Writers' society

<p>Following <a href="http://www.thebookseller.com/blogs/52051-model-behaviour.html">Laurence Orbach's Blog</a> about re-defining business models, it seems it is time to look at the elements at the core of publishing; writers and their lost mentors. <br />
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It feels like a very American concept, but mentors have always played an important part in the life of an author; providing them with an experienced eye and impartial feedback. With the publishing industry making great leaps in the way it conducts its business, writers have been dramatically losing their mentors to tightened schedules and increased productivity.<br />
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Gentlemen's publishing is now the stuff of legend; priceless first editions crammed full of dedications to long-gone editors, and the relationship of those such as DH Lawrence and Edward Garnett, become deeply anachronistic in the landscape of modern publishing. <br />
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It was natural for writers to then turn to their agents, and literary agents filled the gap for a while, but have since been forced to retreat.&nbsp; Occasionally writers can hear the odd whisper from behind the ramparts of unsolicited manuscript . . . but the agent's nervousness is understandable; the great unpublished are pressed against the portcullis and not one of them carries any guarantees.<br />
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Agent <a href="http://www.rupertheath.com">Rupert Heath</a> feels, 'Agents can be good mentors from the point of view of preparing an author's work for publication,' but, he adds, 'an author has to be doing something which has strong publishable potential from the outset'. From Rupert's side of the wall, it simply isn't practical to mentor writers who don't immediately demonstrate their commercial abilities.<br />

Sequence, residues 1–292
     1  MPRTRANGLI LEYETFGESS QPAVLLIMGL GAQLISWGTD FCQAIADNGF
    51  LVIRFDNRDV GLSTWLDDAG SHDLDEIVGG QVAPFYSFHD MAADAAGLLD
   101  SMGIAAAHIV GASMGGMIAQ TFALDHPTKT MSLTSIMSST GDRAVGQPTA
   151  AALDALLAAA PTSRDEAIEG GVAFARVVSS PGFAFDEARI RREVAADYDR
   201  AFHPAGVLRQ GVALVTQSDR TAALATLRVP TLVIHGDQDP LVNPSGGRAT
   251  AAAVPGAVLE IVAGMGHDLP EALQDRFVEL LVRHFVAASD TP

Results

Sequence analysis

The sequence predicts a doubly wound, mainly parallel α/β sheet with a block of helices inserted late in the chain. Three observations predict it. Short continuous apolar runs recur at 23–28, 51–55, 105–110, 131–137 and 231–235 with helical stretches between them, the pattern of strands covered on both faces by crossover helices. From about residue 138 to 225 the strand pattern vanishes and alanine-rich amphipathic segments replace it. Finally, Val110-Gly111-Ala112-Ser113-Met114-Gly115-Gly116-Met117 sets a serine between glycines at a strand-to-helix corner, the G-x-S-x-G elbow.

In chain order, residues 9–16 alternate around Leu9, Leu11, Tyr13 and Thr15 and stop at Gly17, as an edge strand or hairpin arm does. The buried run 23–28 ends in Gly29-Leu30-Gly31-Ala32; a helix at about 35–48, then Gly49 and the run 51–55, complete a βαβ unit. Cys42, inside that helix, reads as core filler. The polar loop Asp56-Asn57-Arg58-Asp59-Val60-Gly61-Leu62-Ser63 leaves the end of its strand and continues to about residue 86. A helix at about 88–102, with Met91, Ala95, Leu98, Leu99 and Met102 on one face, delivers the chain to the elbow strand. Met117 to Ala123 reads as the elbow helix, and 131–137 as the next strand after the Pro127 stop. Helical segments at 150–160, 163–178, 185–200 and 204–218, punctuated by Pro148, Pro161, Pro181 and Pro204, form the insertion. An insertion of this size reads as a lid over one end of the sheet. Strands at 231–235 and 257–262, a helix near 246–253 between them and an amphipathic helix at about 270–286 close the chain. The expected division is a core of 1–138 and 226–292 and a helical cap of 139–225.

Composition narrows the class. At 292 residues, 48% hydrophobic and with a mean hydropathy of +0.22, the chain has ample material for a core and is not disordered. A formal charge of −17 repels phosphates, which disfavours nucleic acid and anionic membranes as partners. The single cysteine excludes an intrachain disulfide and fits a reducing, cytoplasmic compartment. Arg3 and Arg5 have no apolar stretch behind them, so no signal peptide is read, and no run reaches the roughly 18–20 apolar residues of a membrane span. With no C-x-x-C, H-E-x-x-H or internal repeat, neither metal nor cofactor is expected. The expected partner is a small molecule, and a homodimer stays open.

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So where in this new world order do writers find someone who has time to help them? To advise them on exactly which darlings to murder, or jolly them along when plots tangle and characters revolt? It seems the answers lie within; writers are uniting in their need for mentorship, and are turning to each other for that vital support.<br />
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Thanks to internet-based writers' review sites, writers of all abilities and genres are able to share work and opinions; from sorting stilted dialogue, to warning each other off the agents with the longest rejection times.<br />
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<a href="http://www.youwriteon.com">Ted Smith</a> from popular writers' site You Write On, rules his world like a benevolent despot. The site works by writers reviewing and rating their contemporaries' work, then being reviewed and rated in return. Six leading literary agencies are involved and offer professional critiques to those lucky few that make the Top Ten. <br />
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Ted believes, 'The peer review and professional critique system&nbsp;helps to mentor talented writers, while also bringing them to the attention of the publishing industry'. And it works. Aspiring novelist, <a href="http://www.lexirevellian.com">Lexi Reveillan</a>, is hugely supportive of Ted's work, and thinks the success of the site rides on the dizzying learning curve of reviewing others, 'This is not just a chore to earn a credit.&nbsp; Analysing another's writing, sussing out what works and what doesn't, and why, is an education in itself'. <br />
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One of the biggest success stories to emerge from such a cosset of contemporaries is <a href="http://www.africareich.com">Guy Saville</a>, winner of YouWriteOn's Book of The Year. He later went on to win an Escalator Literature Award which brought him official mentorship with Richard &amp; Judy author Katharine McMahon. Although Guy was already with literary agents Curtis Brown, he found the addition of a mentoring relationship hugely productive. 'At some point your mentor has also been unpublished, so they understand your position better than an agent or editor can. The relationship has less to do with editing or networking than drawing on another writer's experience to help shape your own work.'<br />
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So how does this new style of mentoring fit the business models? Very well, it seems, as something similar has already been adopted by one of our major publishers, <a href="http://blog.authonomy.com/2008/02/how-i-write-conn-iggulden.html">Harper Collins</a>. Literary review sites can help in the selection of new writers; acting as electronic slush-piles, but it is their potential for mentorship which is really exciting, with practically no economic impact on the rest of the industry. At the core of our new business model we can find writers, mentored by writers. </p>